“Well,” she said, slowly, [there has to be an upside], “well…” and she brightened. “Hey! At least Far Away Boy will get his card on time!”
A pause; a breath; a long exhale; and they exploded into laughter. What eejits we are! What rockheads! What a buncha maroons!
Breakfast was lovely, and they lingered over it, and then, working as a team, they cleaned up the dishes and made themselves presentable, and they took the road trip to the salvage place.
And what a wonder that was. The dad wandered, picking up old door handles, rescued wood, smoothed and gleaming, and vintage tools that looked as though they might still work. The boy exclaimed over steam punk creations. There were towering doors of precious solid wood, and sculptures, and sturdy, rusting outdoor chairs; there were corbels and radios and signs with the lettering rubbed fine by time.
She took their picture in front of a huge old stone statue of David, rescued from some august building. He towered over their heads, four feet taller than they. They positioned themselves neatly to hide any other towering attributes.
They had lunch at a favorite grill–burgers and club sandwiches, fries crisp and perfect. They went to the bookstore nearby and each found a long-sought treasure.
They drove the fifty miles back to their own little city, and, on impulse, they stopped at the coffee shop and sipped steaming brews and read their new books.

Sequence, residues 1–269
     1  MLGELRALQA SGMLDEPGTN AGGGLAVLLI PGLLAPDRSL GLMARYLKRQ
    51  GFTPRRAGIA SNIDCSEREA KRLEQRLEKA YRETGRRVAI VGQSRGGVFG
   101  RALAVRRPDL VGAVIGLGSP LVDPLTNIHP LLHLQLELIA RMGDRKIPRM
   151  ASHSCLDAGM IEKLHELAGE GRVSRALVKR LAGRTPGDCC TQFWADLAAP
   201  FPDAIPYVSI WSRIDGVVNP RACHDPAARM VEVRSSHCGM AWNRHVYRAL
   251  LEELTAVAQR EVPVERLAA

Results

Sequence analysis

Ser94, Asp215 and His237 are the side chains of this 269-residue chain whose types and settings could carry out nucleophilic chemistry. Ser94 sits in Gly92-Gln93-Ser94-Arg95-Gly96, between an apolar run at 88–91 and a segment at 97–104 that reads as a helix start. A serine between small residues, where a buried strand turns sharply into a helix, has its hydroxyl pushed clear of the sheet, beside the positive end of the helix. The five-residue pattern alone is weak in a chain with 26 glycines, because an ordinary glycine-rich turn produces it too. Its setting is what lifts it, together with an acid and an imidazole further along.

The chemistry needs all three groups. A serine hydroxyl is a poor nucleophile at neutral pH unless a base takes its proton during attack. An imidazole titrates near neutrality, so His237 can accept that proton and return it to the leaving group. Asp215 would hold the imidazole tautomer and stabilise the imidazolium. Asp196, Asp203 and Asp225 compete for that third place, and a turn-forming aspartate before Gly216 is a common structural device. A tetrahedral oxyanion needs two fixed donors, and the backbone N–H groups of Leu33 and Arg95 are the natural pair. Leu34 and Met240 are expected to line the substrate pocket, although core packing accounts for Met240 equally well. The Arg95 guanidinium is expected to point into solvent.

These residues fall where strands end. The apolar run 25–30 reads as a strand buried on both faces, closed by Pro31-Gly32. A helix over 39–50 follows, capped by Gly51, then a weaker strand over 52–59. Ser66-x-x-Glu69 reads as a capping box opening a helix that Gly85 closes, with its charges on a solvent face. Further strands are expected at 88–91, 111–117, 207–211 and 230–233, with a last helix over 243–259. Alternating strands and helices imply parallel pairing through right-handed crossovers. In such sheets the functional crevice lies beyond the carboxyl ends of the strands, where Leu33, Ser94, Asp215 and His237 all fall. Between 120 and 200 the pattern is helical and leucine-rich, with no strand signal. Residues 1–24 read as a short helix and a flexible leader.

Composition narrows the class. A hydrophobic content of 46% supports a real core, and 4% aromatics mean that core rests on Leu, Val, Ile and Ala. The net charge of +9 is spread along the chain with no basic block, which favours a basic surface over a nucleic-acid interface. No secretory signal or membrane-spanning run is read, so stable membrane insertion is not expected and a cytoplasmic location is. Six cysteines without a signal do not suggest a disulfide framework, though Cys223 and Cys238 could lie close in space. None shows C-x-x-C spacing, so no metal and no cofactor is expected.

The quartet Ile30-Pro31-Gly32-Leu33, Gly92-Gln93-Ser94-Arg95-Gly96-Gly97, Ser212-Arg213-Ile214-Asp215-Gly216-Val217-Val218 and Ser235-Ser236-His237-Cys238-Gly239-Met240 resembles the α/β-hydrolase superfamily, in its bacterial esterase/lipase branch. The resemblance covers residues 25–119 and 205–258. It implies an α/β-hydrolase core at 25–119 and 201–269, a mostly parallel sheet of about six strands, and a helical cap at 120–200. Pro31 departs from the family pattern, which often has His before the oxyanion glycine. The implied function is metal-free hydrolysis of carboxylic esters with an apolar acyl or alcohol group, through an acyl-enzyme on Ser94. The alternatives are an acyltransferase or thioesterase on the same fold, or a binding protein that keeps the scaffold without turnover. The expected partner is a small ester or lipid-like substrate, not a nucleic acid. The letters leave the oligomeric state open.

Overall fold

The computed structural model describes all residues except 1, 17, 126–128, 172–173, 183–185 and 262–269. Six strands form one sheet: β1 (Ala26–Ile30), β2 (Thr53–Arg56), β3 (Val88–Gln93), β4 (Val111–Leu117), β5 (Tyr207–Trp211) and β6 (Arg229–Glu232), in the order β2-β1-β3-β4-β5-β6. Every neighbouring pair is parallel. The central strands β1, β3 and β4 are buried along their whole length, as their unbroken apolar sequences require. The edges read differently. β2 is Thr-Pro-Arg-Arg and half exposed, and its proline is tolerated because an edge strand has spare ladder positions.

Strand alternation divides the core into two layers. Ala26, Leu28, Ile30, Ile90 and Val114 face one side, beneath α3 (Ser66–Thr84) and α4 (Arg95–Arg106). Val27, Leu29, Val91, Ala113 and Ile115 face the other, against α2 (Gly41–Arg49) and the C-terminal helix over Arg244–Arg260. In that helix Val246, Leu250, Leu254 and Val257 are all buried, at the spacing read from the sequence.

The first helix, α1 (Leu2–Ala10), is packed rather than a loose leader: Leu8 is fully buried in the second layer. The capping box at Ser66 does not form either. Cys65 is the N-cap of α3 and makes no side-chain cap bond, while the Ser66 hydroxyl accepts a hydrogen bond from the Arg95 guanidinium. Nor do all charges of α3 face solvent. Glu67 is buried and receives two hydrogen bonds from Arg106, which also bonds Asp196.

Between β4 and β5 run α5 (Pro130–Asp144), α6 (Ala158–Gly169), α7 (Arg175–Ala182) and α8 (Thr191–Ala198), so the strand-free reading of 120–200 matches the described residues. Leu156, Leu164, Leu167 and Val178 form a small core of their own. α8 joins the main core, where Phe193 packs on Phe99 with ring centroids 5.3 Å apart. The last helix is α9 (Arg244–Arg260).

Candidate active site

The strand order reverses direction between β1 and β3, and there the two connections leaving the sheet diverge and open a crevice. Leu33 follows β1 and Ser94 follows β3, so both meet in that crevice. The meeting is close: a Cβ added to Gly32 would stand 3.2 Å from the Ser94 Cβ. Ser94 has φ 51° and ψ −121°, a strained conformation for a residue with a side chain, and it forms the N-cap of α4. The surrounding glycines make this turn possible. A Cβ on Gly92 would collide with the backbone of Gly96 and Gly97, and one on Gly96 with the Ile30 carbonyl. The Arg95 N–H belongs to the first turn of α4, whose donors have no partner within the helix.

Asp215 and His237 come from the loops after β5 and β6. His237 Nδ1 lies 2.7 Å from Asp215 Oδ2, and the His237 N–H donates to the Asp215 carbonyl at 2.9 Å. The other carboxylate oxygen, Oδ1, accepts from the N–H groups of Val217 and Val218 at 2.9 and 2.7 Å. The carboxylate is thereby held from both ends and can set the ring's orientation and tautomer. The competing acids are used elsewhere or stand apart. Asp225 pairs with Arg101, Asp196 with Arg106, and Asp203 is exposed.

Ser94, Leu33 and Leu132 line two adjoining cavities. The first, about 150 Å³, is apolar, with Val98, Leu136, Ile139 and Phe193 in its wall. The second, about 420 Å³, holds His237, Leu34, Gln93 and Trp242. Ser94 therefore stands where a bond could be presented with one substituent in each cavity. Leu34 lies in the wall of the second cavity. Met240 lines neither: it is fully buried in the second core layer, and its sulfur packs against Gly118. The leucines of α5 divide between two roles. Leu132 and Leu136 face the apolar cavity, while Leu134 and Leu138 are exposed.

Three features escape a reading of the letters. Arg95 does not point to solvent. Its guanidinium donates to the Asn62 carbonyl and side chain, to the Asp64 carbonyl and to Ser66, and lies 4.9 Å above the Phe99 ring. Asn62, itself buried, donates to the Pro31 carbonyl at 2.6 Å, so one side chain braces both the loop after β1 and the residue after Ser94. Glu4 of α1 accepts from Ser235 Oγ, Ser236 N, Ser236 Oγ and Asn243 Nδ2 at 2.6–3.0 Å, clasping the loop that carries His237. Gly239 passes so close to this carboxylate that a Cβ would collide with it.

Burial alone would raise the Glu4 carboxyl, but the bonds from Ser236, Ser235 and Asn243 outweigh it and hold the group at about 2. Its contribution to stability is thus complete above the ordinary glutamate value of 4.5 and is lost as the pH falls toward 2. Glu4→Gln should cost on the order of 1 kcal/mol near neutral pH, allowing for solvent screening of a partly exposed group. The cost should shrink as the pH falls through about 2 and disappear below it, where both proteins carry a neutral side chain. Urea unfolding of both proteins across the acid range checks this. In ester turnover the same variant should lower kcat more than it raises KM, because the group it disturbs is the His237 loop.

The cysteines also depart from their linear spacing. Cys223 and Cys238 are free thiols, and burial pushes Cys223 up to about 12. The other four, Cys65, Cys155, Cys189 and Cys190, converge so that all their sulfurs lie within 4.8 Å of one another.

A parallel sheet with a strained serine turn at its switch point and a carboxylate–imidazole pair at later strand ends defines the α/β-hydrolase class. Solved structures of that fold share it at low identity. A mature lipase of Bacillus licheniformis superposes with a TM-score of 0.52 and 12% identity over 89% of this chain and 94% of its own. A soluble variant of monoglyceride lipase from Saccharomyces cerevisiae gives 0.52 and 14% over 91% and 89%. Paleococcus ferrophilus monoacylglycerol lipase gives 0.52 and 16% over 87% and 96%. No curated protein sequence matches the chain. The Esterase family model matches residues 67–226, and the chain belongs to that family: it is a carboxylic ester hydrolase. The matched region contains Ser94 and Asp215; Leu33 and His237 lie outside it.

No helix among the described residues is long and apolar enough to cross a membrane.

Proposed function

At home, they went off to take care of their own stuff, and then, about 8 PM, they all wound up in the kitchen for a nosh. They agreed it had been a very nice Sunday, even if they had totally blown the celebration of Father’s Day.
“Eh,” said the At-Home Son. “Flag Day, Father’s Day. Flagger’s Day! Who’s to say?”
The three of them pondered that. Flagger’s Day, indeed.
She thought about flagging–flagging spirits, flagging energy, joy and hope that flag and fade. And she thought it might not be a bad idea to have a floating holiday called Flagger’s Day: a day to refresh and give a thoughtful gift or two, to cook a special breakfast. To take a trip that was purely fun. A day all flaggers could replenish.
“I think,” she said, “that we should do this every year, the second Sunday in June: celebrate Flagger’s Day. Do something fun and refreshing.”
The Dad and The Son agreed, solemnly; that, they said, is just what we will do.
Or, she thought, anytime, really. We can celebrate Flagger’s Day anytime we’re feeling sapped or depleted. And anyone can call it,–anyone whose fuel tank is desperately low has the right to say, “I call Flagger’s Day!” and the whole unit will spin into planning.
A new holiday, she thought, a new observance–a new thing to look forward to. Not such a bad thing.
Now she just had to figure out what to do next week when real Father’s Day rolled around.